Female founders giving up more equity to VCs than men

A report has found women are giving away 10 per cent more of their share to VCs than their male counterparts

Women who seek equity finance from VCs are having to give up more equity than men, says research.

J.P. Morgan Private Bank and Beauhurst identified 5,142 female-founded companies that owned on average 57.7 per cent of their business before going out to raise money. After they sold a stake, they retained 32.9 per cent.

Male-founded companies, on the other hand, held on average 40.4 per cent before external equity funding, and still held 27.1 per cent afterwards.

In short, it means that overall women are giving up 43 per cent of their existing share for equity while men are giving up 33 per cent to VCs.

Despite this, female-founded UK businesses attracted a record £5.1bn investment in 2021.

Beauhurst identified 10,647 high-growth businesses led by a woman or have a majority female management team, creating £84.7bn of sales and employing close to 700,000 people.

Women are also starting a record number of new companies. Research for the Rose Review this year found more than 140,000 start-ups were started by all-women teams in 2021. According to a ScaleUp Institute report, the number of women starting scale-ups has also risen by a third since 2020.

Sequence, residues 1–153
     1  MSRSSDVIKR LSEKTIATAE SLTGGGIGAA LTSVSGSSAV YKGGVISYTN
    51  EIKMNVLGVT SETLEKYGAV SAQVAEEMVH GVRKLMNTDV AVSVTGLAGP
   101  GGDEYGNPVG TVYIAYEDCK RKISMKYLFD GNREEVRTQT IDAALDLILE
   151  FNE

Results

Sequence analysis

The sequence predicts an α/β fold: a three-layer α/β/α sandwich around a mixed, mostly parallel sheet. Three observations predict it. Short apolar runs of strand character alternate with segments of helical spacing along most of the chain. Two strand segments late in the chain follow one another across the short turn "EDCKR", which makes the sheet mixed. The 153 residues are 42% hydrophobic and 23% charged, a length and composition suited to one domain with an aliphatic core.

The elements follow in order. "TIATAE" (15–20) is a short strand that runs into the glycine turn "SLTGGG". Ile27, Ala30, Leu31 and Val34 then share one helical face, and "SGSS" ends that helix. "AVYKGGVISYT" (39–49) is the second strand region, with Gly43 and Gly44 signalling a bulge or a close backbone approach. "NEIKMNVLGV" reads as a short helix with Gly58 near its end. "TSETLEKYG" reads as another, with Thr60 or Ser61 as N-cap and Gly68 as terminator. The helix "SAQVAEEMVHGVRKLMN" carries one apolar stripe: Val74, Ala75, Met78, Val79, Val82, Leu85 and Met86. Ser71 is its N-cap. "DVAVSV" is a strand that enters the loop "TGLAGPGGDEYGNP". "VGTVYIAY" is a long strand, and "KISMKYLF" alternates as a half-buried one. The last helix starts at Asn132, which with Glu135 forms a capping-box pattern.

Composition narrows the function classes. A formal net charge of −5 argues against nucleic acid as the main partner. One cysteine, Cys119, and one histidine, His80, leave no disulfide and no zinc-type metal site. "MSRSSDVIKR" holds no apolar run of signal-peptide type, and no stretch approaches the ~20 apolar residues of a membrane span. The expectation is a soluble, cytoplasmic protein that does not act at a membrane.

The annual Top 200 female-powered companies report was topped by make-up brand Trinny London, which has a workforce made up of 85 per cent women.

The list mainly consists of healthcare, clothing and ecommerce businesses.

Charlotte Bobroff, UK senior advisor to women entrepreneurs at J.P. Morgan Private Bank, said: “The rate at which women own less of their companies as equity investments increase is almost twice that of men, a 25 per cent reduction compared to 13 per cent. This reflects several dynamics affecting female-powered businesses, including a more challenging fundraising landscape and a lack of resources, exacerbating the effect of equity financing.”

Catherine Lewis La Torre, British Business Bank CEO, told Growth Business: “There are structural factors at play that hold women back when they are looking for finance. We also know however that diversity is good for business and that’s why, as the UK’s development bank, the British Business Bank aims to break down barriers by improving access to finance for all entrepreneurs.

“The findings reported provide valuable new data which can help us identify where further measures are needed to improve outcomes for female-led businesses.”

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Dom Walbanke

Fred Mann

Dom is a feature writer for Growth Business and Small Business, focused on matters concerning start-ups and scale-ups. He has also been published in the Independent, FourFourTwo magazine and various lifestyle...

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